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Publication numberUS2888310 A
Publication typeGrant
Publication dateMay 26, 1959
Filing dateNov 2, 1953
Priority dateNov 2, 1953
Publication numberUS 2888310 A, US 2888310A, US-A-2888310, US2888310 A, US2888310A
InventorsGordon Perry Edward
Original AssigneeTexas Instruments Inc
Export CitationBiBTeX, EndNote, RefMan
External Links: USPTO, USPTO Assignment, Espacenet
Recorder
US 2888310 A
Abstract  available in
Images(13)
Previous page
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Claims  available in
Description  (OCR text may contain errors)

May 26, 1959 Esca. PERRY 2,883,310

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RECORDER Filed NOv- 2, 1955 13 sheets-sheet 4 J/jy. 4.

430 4m 43/ /as 7o" INVENTOR ATTORNEYS May 26, 1959 Filed Nv. 2, 1953 E. G. PERRY 2,888,310

RECORDER 13 Sheets-Sheet 5 INV ENTOR U11/Wd feny ATTORNEYS May 26, 1959 E. G. PERRY RECORDER Filed NOV. 2, 1955 1s sheets-sheet e INVENTOR BYMMMQVM ATTORNEYS May 26, 1959 i E, G. PERRY 2,888,310

RECORDER Filed Nov. 2, 1953 13 4sheets-sheet 7 2/0 Y i l INVENTOR ATTORNEYS May 26, 1959 E. G. PERRY 2,888,310

RECORDER Filed Nov. 2, 1955 13 Sheets-Sheet 8 ATTORNEYS May 26, 1959 E. G. PERRY A 2,888,310

RECORDER Filed Nov. 2, 195s n 15 sheets-Sheet 9 HIIIHUIHHIUMlll May 26, 1959 E. G. PERRY 2,888,310

RECORDER Filed Nov. 2, 1953 15 Sheets-Sheet 10 INVENTOR i dmz'dlmy y MW# ATTORNEYS E. G. PERRY May 26, 1959 RECORDER 13 Sheets-Sheet 11 Filed NOV. 2, 1955 INVENTOR wma/@ffy Ympgmw/M Y ATTORNEYS Filed Nov. 2, 1953 May 26', 1959 E. G. PERRY I V2,888,310 Y RECORDER 15 Sheets-Sheet 12 I N VENTOR dww'dferzy www www@ ATTORNEYS E. G. PERRY May 26, 1959 RECORDER 15 Sheets-Sheet 13 Filed NOV. 2, 1953 IOOb INV EN TOR. lll/Mln' 61174873/ BY United States Patent O M RECORDER Edward Gordon Perry, Dallas, Tex., assignor to Texas Instruments Incorporated, Dallas, Tex., a corporation of Delaware Application November 2, 1953, Serial No. 389,690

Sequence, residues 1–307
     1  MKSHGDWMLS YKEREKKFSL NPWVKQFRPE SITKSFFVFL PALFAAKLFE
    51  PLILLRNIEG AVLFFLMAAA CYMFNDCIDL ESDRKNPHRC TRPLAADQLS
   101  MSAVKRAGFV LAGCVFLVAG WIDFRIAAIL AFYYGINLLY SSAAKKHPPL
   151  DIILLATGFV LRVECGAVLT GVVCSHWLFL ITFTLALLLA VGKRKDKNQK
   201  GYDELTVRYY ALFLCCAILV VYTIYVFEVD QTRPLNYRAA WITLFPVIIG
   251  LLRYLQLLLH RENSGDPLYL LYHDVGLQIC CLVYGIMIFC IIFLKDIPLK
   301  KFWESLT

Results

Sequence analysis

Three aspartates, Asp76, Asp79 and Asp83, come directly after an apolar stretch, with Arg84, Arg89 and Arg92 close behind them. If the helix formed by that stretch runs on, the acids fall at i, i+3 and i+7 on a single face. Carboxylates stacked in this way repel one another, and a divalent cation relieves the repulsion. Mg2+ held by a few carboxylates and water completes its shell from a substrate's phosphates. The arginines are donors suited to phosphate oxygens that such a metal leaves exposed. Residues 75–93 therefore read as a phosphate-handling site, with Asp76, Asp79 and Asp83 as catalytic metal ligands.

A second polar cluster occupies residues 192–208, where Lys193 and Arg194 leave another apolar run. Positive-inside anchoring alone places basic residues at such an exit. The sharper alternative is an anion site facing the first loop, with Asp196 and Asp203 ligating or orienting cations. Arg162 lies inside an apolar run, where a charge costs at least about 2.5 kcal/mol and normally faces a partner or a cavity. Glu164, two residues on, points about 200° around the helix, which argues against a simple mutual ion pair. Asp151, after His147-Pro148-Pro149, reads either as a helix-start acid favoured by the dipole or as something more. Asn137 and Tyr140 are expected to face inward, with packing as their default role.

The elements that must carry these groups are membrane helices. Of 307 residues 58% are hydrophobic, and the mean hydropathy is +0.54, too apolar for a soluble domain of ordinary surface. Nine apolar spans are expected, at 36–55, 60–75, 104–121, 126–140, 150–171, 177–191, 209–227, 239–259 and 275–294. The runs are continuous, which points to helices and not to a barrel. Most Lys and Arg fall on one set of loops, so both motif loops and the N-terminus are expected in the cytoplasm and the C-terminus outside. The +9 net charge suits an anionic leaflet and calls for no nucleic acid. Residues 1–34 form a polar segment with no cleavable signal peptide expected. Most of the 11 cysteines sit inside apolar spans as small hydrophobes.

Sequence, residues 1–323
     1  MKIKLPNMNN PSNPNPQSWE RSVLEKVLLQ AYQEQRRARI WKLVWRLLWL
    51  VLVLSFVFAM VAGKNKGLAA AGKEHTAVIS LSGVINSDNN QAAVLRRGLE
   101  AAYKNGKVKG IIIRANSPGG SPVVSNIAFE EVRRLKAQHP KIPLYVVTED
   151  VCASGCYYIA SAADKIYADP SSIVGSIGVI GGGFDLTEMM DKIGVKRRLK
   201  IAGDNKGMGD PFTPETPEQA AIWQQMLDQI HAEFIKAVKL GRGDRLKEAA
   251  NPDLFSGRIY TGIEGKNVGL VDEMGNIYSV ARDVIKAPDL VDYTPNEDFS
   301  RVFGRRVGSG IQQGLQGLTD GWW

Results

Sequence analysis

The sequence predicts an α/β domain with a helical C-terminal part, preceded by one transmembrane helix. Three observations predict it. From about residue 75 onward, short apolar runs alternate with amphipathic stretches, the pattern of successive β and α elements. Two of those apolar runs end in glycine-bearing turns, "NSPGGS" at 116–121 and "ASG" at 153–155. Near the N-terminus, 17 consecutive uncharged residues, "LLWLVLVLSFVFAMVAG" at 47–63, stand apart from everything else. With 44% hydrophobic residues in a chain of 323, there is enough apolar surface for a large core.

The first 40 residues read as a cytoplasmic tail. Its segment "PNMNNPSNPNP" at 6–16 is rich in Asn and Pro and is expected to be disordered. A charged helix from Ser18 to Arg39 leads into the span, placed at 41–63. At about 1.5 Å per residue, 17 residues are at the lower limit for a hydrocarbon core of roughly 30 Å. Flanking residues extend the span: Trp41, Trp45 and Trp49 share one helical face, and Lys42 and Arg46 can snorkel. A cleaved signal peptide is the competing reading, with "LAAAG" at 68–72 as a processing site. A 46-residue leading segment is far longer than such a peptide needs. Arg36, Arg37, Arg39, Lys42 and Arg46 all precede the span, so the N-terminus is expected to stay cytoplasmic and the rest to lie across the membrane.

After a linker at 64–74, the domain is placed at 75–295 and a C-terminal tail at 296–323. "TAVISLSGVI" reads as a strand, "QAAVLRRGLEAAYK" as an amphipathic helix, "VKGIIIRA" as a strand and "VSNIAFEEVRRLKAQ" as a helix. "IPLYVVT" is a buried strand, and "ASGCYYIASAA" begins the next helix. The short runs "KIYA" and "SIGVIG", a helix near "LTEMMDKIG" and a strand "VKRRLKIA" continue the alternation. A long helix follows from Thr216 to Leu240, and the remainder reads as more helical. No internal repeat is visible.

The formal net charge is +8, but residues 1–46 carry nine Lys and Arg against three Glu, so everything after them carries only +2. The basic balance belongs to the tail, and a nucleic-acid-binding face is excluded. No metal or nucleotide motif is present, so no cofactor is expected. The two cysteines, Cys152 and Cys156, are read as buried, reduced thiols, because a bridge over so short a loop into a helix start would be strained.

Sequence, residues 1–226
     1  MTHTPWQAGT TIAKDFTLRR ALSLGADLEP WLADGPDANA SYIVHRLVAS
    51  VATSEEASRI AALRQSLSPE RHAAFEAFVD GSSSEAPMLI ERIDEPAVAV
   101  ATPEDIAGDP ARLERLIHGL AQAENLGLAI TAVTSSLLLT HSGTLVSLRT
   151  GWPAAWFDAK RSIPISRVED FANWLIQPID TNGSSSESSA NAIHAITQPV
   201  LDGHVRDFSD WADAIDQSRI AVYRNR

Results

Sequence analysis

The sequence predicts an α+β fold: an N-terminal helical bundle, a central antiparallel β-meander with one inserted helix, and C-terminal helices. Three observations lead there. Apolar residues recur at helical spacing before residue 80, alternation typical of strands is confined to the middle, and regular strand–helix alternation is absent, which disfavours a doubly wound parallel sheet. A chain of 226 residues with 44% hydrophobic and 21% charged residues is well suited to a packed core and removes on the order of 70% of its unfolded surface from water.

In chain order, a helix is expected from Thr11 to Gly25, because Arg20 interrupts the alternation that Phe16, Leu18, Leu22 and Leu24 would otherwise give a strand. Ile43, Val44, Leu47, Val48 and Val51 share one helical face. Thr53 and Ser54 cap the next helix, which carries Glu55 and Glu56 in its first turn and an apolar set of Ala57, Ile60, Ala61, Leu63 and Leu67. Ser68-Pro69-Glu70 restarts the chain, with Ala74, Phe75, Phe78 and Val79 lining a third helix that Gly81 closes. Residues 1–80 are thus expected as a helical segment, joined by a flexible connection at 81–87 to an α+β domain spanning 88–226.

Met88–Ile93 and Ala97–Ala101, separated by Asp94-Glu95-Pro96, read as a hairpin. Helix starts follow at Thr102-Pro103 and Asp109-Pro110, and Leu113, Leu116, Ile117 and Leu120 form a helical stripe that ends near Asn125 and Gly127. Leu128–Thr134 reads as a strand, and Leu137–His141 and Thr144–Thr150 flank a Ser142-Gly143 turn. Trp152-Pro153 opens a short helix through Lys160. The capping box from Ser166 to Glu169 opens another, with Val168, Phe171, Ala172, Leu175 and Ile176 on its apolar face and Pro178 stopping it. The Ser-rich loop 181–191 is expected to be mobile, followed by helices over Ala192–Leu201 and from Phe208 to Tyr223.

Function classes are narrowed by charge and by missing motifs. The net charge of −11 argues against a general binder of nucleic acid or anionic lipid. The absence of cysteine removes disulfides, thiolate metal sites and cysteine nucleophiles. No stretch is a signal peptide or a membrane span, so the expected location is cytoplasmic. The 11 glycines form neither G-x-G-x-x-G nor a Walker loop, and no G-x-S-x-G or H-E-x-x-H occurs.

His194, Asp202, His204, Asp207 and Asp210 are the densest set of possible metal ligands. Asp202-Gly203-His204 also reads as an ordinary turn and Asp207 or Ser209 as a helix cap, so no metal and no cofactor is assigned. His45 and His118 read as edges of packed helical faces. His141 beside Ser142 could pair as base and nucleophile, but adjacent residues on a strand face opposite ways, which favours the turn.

27 Claims. (Cl. 346-114) This invention relates to a recording apparatus.

Meter movements for measuring small currents accurately generally depend on electromagnetic effects for their operation. One such mechanism for movements of this type is the well known permanent-magnet moving-coil mechanism. The mechanism consists of a coil of wires suspended between the poles of a permanent magnet, an air gap on either side of the coil, and a restoring spring. Either an indicator arm or recorder pen can be attached to the coil. When a current is passed through the coil, it deflects in proportion to the strength of the current.

A variation of the above mechanism results when the permanent magnet is replaced with two field coils. The current is passed through the field coils instead of the suspended coil, and the flux produced reacts to develop a torque as in the permanent magnet type. In order for meter movements of this type to follow rapid variations of low current with accuracy, they must be light and delicately mounted. While the above-described meter movements or similar types are successful for many applications, they are not suitable for all applications.